Really, funds flowing out of the Treasury’s checking account are not the only form of public money involved. There is also Federal Reserve discount window lending to the new banks the FDIC has set up. As I discussed in my piece on Tuesday, the “discount window” is just a term for the part of the Federal Reserve where banks can get loans from the Federal Reserve. I will write more about the full scope of the Federal Reserve’s discount window lending this past week another time. For now it suffices to briefly say the scope of this discount window lending is absolutely massive. These loans are altogether 295.6 billion dollars, a truly unprecedented amount. For context, that is substantially more discount window borrowing than happened during the 2008 financial crisis. The new Bank Term Lending Program had a little under 12 billion dollars of lending. There is also apparently more than 10 billion dollars outstanding from the Payroll Protection Program Liquidity Facility (a silly program NotC discussed way back in April 2020). Thus, all together the Federal Reserve has 318 billion dollars of loans to chartered banks outstanding. Roughly 300 billion of those dollars went out this past week.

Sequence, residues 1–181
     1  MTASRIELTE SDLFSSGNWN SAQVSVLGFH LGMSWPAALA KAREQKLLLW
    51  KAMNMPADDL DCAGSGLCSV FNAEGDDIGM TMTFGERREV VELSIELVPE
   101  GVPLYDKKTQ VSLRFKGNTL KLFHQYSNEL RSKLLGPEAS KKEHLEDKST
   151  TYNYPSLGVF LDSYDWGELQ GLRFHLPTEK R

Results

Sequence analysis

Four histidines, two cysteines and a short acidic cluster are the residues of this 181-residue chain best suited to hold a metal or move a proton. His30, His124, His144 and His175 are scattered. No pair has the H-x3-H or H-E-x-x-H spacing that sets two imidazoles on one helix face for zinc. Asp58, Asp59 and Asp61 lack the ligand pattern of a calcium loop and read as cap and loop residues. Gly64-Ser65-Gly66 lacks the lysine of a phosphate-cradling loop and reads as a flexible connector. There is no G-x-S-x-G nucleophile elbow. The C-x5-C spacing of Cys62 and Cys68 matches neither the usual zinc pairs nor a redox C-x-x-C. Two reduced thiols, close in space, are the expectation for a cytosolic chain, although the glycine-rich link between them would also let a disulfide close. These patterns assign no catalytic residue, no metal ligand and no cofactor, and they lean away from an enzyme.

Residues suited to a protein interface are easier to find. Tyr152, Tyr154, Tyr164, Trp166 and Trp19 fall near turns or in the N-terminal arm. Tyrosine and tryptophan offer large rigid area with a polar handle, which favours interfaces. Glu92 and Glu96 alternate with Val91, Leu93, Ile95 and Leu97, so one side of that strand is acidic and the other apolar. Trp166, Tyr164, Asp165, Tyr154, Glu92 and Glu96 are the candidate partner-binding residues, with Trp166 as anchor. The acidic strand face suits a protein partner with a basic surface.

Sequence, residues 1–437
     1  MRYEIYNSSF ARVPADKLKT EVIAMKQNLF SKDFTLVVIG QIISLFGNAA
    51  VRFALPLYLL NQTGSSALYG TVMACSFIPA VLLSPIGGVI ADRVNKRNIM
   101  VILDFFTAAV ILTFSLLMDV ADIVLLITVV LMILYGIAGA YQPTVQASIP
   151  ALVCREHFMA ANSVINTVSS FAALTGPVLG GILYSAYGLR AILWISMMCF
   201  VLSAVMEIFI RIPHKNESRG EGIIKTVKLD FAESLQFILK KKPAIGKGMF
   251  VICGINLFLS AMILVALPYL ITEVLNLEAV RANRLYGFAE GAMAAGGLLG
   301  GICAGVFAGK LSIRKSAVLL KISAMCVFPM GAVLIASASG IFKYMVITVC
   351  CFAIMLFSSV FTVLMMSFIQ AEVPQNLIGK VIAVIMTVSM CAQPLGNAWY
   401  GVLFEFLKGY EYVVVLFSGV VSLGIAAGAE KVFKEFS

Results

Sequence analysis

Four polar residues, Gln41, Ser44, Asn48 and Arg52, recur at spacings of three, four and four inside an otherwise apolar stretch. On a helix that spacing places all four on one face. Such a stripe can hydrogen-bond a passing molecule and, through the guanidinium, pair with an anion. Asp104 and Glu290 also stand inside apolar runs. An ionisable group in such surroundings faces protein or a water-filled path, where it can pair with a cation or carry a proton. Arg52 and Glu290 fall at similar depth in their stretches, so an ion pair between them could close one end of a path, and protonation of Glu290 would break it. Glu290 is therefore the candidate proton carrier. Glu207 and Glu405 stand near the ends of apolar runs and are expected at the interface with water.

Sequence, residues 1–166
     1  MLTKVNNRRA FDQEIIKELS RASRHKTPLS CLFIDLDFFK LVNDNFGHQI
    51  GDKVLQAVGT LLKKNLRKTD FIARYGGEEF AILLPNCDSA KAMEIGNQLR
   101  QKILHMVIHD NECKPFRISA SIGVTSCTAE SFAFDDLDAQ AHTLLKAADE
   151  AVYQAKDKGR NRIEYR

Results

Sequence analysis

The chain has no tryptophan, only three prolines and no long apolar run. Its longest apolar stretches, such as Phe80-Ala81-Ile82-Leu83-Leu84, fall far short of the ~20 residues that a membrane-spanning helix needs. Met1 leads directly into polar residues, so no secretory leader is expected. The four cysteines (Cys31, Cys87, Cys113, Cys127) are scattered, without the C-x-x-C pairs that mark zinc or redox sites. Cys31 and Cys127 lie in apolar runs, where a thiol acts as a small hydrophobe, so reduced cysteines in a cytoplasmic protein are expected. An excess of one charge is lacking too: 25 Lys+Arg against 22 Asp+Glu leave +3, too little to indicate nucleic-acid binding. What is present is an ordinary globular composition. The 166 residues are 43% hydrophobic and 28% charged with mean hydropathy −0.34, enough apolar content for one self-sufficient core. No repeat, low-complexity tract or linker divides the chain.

This brings us back to the Depository Insurance Fund. 142 billion dollars of those discount window loans went to the new banks the FDIC has created to take on Silicon Valley Bank and Signature Bank’s assets. There is a specific subsection of the “discount window” part of the Federal Reserve Act which governs lending to FDIC owned institutions entitled 10(b)(3). This is important for a few reasons. One, it clarifies that this is discount window lending (a point which a number of news outlets have incorrectly reported over the past four days.) Second, it makes clear that the Bank Term Funding Facility was not created to support these institutions. Instead, they were created to support other chartered banks, which may be having liquidity issues. This is an interesting little fact in and of itself.